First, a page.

HALL COUNTY, Ga. — Parents in Hall County want district leaders to take a look at material within books assigned to children and to consider banning, Channel 2′s Ashli Lincoln learned.
The concern tonight is coming from parents regarding the type of books that are assigned for students to read as a part of their coursework.
“The last thing that we want to do is remove those books from the school,” Hall County School District Chairman Craig Herrington said.
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Monday night, Hall County board members heard and considered parents’ reasoning for what some are calling offensive literature to be removed.
The house was packed, and parents and students voiced their concerns regarding the offensive literature.
“I feel like there’s a good string system in place for parents to stay connected to kids’ education,” parent Claire Duigan said.
While some parents are ok with the current literature policy, others say more clarity is needed.
“They’ve yet to lay out how material is chosen, what the standard is. I don’t think that was answered at all,” parent Jeremy Holt said.
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Herrington said the board wants to properly review and assess material before deciding if removing district-approved literature is necessary.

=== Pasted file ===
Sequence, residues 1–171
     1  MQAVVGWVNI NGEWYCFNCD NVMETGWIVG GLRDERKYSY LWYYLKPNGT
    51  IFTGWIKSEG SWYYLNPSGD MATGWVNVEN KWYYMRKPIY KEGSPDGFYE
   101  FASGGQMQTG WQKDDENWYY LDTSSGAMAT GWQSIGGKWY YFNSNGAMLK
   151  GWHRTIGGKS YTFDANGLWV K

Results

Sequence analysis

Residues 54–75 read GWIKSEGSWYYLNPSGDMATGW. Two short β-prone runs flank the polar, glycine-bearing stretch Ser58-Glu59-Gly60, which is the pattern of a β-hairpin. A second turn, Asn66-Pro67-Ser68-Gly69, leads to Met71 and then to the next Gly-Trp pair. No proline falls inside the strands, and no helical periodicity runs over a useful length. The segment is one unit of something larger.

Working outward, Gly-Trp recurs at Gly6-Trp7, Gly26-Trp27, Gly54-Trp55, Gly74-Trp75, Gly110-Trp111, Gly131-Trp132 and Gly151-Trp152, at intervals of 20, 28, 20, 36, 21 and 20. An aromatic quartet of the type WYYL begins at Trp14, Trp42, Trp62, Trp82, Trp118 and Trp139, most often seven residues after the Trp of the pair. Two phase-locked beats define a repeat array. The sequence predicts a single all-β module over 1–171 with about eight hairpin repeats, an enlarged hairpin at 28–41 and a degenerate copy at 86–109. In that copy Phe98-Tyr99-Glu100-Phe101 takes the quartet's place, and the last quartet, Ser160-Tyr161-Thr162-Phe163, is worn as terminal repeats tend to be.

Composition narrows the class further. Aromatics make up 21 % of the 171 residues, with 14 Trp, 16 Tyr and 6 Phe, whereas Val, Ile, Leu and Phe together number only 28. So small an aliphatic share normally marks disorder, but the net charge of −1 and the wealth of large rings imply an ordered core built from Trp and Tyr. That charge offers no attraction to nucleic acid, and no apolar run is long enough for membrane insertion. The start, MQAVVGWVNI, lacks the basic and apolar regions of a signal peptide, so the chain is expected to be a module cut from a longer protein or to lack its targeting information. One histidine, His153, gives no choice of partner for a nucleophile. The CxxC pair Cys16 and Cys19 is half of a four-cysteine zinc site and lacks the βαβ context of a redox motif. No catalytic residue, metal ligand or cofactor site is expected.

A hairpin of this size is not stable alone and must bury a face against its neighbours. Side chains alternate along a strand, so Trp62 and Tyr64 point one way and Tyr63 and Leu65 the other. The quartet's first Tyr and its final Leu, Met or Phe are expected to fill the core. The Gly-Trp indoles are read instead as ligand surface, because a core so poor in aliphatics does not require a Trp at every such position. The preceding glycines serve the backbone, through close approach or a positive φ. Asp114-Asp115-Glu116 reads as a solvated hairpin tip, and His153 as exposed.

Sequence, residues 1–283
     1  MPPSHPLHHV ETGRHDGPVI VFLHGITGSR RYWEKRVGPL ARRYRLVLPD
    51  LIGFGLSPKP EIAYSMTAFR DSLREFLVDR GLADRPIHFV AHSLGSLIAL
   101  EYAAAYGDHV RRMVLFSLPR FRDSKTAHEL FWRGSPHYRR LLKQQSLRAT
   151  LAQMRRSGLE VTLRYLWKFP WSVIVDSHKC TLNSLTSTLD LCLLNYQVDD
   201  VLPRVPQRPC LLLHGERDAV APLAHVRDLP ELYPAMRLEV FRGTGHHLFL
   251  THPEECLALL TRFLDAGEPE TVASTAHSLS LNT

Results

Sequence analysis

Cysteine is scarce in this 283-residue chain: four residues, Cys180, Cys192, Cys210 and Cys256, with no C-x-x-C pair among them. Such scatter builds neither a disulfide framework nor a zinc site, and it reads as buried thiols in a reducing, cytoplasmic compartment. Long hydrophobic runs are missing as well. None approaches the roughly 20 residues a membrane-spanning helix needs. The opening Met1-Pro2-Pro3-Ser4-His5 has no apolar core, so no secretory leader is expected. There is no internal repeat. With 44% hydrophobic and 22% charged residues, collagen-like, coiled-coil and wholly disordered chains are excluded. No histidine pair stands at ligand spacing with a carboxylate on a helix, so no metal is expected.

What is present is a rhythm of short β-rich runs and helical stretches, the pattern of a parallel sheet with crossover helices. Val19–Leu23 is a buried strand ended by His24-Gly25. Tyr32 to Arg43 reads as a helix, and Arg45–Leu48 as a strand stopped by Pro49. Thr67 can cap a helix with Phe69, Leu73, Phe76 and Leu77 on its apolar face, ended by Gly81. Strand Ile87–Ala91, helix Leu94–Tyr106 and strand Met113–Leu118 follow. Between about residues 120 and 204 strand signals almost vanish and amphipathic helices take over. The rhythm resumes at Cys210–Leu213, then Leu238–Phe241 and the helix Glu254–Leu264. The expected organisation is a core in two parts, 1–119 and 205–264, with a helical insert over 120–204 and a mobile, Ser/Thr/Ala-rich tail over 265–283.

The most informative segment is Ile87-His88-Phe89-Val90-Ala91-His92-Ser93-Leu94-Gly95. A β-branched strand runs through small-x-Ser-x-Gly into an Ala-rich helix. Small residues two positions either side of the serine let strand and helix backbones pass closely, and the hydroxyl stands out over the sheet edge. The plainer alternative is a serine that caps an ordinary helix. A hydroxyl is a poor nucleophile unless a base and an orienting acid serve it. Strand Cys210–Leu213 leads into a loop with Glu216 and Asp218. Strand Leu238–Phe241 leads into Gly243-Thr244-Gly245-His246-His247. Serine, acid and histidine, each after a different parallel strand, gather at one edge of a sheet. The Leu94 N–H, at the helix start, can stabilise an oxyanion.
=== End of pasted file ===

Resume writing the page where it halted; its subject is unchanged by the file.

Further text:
“If you start making choices to remove certain books from the school, the criteria you use to remove those books would also remove prominent pieces of literature,” he said.
Herrington said the district began receiving phone calls after a parent’s Facebook post about concerning material went viral on Facebook.
The book, “Dear Martin” was discussed, which details a black teen’s interaction with police.
One student advocated that the book should stay.
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“That book is a good eye opener. People need to know that, people need to know the racial injustice that is happening in our society, all of the bad things that are happening that should not be censored,” she said.
Hall County isn’t the first district to run into this controversy.
Statewide, a Georgia bill is awaiting the governor’s signature, which would make it easier for districts to remove books considered harmful to minors.
Despite the bill, Herrington said the board will not be the book police.
“Once you start down that path, it opens up a variety of range of options that people can request that other books be removed,” he said.
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